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The Innovation Fetish among the Economoi: Introduction to the Panel on Innovation Incentives, Institutions, and Economic Growth

The Innovation Fetish among the Economoi: Introduction to the Panel on Innovation Incentives, Institutions, and Economic Growth

Chapter:
(p.509) The Innovation Fetish among the Economoi: Introduction to the Panel on Innovation Incentives, Institutions, and Economic Growth
Source:
The Rate and Direction of Inventive Activity Revisited
Author(s):
Paul A. David
Publisher:
University of Chicago Press
DOI:10.7208/chicago/9780226473062.003.0015

This chapter focuses on the remarks of the underlying (though often implicit) assumption among economists that a higher rate of innovation is almost always preferred. The social impact of technological change depends not only on innovation but on diffusion. The ultimate impact of research investments depends on how they are organized and the complex process by which technologies are improved and adapted over time and context. Without considering the dynamic process by which social systems adapt and incorporate technological change, it is difficult to consider the net impact of new technologies on human welfare. The innovation fetish grips its adherents—and particularly those among the economoi who avow special concerns with technological change and its impact upon economic growth and human welfare—with an unreasonable degree of attention to, and particular reverence for, acts of commercial implementation of new processes and products, organizational practices, and business models.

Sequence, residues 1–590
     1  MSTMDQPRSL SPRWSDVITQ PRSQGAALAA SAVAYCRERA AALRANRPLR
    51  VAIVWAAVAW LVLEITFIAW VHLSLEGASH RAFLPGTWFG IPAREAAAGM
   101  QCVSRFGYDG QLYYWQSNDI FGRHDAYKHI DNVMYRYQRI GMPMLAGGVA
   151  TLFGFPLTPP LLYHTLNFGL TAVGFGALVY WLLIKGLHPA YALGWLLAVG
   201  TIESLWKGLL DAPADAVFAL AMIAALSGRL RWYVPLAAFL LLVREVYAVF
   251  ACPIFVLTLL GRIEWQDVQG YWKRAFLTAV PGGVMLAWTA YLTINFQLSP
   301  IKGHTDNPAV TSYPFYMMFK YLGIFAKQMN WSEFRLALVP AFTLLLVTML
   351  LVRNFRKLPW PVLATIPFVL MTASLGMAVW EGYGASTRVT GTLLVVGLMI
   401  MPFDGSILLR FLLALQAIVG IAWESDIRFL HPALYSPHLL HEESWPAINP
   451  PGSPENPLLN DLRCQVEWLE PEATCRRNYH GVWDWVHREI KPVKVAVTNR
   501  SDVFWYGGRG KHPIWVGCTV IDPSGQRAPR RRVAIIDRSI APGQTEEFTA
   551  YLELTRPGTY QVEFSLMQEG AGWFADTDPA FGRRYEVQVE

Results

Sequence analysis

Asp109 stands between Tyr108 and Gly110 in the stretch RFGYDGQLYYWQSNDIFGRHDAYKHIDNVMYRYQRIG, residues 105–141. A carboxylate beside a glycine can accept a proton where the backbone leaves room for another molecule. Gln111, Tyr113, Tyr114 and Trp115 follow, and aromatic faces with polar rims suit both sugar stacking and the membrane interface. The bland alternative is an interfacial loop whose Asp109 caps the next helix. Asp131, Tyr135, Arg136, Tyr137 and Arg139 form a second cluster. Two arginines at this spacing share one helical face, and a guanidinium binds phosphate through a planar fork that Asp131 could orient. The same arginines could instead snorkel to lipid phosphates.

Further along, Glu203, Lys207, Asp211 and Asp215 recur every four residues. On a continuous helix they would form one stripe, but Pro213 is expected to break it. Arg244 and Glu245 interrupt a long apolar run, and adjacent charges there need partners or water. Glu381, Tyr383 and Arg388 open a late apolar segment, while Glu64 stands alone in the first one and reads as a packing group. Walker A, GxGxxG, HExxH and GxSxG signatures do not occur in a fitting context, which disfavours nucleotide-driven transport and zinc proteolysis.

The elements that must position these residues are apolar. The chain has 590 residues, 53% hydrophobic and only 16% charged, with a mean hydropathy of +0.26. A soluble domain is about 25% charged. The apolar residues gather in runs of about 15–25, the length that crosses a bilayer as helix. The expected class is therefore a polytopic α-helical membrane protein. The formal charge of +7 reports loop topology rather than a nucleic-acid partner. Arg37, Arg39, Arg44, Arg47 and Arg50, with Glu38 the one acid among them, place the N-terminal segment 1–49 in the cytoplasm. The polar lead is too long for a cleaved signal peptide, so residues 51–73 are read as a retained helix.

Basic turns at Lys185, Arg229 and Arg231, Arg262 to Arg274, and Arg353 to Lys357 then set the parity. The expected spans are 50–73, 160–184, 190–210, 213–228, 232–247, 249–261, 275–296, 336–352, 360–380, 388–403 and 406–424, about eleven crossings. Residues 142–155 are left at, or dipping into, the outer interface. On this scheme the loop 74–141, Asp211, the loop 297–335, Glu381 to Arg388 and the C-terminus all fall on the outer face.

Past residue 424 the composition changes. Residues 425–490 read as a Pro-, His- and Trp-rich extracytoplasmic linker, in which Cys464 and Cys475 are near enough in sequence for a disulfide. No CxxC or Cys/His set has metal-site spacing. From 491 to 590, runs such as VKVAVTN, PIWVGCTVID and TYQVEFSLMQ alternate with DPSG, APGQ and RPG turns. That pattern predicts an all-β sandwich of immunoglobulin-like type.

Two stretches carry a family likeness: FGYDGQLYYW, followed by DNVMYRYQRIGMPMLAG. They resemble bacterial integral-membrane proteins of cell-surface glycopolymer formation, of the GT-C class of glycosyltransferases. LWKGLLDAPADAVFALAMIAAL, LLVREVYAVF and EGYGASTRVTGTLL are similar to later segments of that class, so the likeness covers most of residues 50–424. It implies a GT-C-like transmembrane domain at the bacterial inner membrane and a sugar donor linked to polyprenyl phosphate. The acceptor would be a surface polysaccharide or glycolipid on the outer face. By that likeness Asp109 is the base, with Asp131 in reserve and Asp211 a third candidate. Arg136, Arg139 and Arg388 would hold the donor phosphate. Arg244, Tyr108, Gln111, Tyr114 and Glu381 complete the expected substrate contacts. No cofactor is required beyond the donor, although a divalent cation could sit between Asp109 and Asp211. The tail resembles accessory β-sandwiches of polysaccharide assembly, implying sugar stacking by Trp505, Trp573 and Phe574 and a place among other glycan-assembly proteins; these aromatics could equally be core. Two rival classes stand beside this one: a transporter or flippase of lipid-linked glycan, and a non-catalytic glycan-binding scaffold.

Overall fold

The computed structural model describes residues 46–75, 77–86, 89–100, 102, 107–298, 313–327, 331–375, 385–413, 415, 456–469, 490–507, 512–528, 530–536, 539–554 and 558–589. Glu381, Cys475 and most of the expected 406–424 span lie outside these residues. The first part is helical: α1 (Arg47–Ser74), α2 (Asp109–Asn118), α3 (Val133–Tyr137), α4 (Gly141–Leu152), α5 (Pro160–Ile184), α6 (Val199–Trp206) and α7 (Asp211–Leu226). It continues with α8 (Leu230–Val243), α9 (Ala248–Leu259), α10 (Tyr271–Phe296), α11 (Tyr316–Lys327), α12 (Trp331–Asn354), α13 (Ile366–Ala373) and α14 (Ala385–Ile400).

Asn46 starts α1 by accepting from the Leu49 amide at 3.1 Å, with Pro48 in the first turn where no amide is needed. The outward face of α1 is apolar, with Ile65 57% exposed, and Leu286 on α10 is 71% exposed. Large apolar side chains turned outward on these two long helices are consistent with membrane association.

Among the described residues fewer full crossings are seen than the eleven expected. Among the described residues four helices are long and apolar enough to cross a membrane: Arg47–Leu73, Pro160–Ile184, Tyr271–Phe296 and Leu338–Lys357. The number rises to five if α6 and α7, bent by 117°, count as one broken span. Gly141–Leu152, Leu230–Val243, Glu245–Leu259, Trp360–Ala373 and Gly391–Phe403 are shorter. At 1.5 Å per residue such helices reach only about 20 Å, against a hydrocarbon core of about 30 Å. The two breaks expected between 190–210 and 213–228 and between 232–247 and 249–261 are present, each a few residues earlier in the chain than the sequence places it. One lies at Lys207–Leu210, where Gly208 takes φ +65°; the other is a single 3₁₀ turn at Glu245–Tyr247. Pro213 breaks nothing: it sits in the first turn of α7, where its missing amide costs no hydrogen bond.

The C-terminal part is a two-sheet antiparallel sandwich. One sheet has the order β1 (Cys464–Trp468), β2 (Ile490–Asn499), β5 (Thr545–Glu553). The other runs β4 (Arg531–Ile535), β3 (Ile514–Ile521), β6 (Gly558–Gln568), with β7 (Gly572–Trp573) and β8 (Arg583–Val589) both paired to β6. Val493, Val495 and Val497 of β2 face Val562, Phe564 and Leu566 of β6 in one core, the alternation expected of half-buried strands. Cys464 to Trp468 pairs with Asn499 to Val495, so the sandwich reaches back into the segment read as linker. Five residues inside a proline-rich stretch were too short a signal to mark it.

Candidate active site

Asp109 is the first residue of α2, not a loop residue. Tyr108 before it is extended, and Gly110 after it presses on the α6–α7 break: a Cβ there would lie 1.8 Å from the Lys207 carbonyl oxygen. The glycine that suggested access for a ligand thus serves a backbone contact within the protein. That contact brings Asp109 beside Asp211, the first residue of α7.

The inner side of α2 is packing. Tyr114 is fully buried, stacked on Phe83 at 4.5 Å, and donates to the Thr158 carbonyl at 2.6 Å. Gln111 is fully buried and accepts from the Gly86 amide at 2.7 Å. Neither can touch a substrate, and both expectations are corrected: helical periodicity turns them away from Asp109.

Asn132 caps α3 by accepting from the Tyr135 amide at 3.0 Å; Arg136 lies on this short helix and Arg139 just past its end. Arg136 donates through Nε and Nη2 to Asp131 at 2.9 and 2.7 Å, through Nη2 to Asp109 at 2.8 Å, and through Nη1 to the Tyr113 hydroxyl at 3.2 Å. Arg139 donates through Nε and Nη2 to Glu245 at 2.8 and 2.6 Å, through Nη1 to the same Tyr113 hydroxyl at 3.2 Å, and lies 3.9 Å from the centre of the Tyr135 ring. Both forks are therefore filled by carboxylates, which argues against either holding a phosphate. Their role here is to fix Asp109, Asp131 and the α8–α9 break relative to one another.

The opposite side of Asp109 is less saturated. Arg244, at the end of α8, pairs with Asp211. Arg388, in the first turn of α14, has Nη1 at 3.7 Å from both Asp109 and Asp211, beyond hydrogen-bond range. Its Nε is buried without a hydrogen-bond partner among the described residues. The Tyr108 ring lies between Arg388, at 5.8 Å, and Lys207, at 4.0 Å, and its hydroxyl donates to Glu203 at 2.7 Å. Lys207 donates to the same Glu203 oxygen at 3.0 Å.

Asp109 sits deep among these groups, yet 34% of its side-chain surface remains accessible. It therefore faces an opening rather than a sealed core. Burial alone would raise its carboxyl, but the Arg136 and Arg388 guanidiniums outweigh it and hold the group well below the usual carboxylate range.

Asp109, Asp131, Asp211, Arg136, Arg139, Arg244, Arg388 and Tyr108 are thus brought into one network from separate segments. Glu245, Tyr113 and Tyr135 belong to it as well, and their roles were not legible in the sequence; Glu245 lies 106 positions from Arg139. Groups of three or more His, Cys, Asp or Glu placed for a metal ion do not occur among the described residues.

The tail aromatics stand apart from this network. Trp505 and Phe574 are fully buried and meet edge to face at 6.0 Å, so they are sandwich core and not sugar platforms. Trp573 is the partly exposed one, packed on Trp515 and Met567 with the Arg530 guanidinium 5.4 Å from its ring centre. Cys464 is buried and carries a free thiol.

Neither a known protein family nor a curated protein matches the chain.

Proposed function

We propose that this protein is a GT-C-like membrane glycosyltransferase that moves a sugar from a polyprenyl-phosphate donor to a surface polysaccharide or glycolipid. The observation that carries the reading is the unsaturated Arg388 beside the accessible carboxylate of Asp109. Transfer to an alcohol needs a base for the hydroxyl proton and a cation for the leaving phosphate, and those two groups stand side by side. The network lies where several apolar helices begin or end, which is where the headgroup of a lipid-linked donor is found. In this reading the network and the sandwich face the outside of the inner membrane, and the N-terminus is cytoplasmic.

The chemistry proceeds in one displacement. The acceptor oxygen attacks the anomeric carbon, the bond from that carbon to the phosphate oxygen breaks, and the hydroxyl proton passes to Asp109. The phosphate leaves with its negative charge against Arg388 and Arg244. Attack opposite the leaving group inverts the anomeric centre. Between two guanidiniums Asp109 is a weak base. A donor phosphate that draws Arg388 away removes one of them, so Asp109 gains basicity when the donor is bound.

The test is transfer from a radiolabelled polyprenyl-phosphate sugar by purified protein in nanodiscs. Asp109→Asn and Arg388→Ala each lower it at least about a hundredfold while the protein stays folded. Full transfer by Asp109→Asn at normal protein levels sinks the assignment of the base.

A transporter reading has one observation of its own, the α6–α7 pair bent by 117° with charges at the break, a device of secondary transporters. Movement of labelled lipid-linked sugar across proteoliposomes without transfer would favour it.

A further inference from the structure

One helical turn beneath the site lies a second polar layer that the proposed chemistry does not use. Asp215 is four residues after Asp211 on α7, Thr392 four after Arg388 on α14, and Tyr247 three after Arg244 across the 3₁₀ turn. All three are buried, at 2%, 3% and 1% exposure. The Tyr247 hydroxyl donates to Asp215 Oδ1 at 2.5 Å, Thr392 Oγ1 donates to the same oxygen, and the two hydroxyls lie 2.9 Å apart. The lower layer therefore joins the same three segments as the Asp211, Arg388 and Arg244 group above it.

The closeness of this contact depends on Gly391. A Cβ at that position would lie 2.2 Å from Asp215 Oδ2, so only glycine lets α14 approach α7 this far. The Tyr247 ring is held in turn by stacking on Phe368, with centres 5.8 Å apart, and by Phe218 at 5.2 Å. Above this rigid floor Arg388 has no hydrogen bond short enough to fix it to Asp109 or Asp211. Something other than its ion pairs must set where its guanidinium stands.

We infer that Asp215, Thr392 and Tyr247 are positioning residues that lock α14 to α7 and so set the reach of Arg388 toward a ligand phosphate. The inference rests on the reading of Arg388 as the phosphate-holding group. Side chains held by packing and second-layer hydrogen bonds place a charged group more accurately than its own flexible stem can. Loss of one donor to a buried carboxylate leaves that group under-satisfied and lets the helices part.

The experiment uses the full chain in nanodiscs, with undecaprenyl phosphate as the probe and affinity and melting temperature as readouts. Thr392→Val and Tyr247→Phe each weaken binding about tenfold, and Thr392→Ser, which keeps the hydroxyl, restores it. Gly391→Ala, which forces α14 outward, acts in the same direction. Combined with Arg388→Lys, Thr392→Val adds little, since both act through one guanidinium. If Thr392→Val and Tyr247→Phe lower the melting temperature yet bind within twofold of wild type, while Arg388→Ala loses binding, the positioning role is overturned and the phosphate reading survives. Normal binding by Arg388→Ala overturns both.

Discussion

Keywords:   innovation fetish, economoi, incentives, institutions, economic growth, technological change

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